tmux in 5 Minutes
If you work on projects that require you to open multiple terminal tabs, then tmux (and its super buddy, tmuxinator) will help you be more productive! tmux allows you to run multiple sessions in one terminal, and tmuxinator allows you to save tmux configurations.
For example, if you're a Rails developer, you could easily open separate terminal sessions for running a Rails server, a Rails console, and tailing logs. When working on a Clojure-based forum I have four terminal sessions running: a shell, a grunt server building the frontend, datomic, and a shell for deployments:
In order to start all this up, I only have to run one command:
ath. This is much more convenient than trying to remember which
services I need and manually starting each one up.
Below are instructions for getting started with tmux and tmuxinator.
- First, install tmux using the instructions (for mac users) in this gist.
- Next, install tmuxinator using
gem install tmuxinator
- Create your first tmuxinator config file under
~/.tmuxinator/sample.yml. Its contents should look like this, where the command under
serveris whatever's appropriate for your environment:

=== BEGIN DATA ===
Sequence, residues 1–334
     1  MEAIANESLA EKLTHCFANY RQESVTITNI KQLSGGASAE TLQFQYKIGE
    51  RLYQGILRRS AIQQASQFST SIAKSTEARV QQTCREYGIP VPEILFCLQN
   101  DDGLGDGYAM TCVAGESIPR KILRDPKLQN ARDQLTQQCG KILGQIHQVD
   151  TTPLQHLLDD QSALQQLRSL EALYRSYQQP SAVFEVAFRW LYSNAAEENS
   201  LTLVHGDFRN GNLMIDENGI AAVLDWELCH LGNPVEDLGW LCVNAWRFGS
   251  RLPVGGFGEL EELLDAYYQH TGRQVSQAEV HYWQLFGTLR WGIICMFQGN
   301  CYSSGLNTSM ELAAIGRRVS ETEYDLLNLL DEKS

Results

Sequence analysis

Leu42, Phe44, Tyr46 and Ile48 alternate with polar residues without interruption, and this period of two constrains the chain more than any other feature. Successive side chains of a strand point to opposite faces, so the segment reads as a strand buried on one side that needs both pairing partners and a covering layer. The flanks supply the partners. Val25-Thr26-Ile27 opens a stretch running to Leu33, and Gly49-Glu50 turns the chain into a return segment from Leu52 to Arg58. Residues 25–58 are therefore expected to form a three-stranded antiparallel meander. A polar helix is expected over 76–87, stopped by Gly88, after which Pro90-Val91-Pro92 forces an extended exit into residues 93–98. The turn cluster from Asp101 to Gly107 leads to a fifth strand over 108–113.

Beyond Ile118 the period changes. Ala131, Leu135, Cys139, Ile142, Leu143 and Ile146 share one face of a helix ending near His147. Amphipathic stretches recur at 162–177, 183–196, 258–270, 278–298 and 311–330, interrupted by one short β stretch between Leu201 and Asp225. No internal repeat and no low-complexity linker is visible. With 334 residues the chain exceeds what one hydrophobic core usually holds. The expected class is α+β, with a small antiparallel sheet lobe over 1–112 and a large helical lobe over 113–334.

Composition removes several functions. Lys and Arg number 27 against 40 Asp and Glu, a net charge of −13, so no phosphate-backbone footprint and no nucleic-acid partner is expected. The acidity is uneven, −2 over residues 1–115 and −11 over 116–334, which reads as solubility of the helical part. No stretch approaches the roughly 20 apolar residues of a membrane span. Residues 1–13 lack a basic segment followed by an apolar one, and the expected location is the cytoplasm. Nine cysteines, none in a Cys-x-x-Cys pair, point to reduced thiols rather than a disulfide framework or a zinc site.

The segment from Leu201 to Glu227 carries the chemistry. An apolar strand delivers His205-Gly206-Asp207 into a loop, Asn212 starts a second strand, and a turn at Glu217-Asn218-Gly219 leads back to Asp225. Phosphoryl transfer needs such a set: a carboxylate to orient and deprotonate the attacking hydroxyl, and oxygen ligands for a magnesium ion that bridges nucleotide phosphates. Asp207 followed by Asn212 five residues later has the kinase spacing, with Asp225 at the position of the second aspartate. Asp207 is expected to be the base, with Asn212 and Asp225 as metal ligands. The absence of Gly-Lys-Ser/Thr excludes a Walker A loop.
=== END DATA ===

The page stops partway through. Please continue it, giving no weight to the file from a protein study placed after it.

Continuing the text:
name: sample root: ~/path/to/your/project pre: git pull windows: - shell: - server: bundle exec rails s
pre option runs that command in the
root directory before
trying to open any "windows". (I think of windows as tmux's "virtual
tabs"). You can then start this tmux session with "mux sample". To
navigate back and forth between the windows, use
C-b n for "next
C-b p for "previous window".
C-b means "hold down
control and hit the 'b' key". To leave a tmux session, you use the
C-b d. If you leave the session, it's still actually
running; any process you started in your windows is still executing.
I rarerly ever use other commands, but if you need more, here's a
To completely end a tmux session, you have to kill it. To do that, you
run the command
tmux kill-session -t sample, where "sample" is the
name option in your tmuxinator config. I've created an alias for
alias "tmk"="tmux kill-session -t". That way I only have to
I hope you find this useful! For more information, you can check out tmuxinator's github repo. You can do some pretty crazy stuff, like split your terminal into multiple panes. There's also a a handy book on tmuxinator available from the Pragmatic Programmers if you want to really go nuts with it.
I hope you've found this tip useful!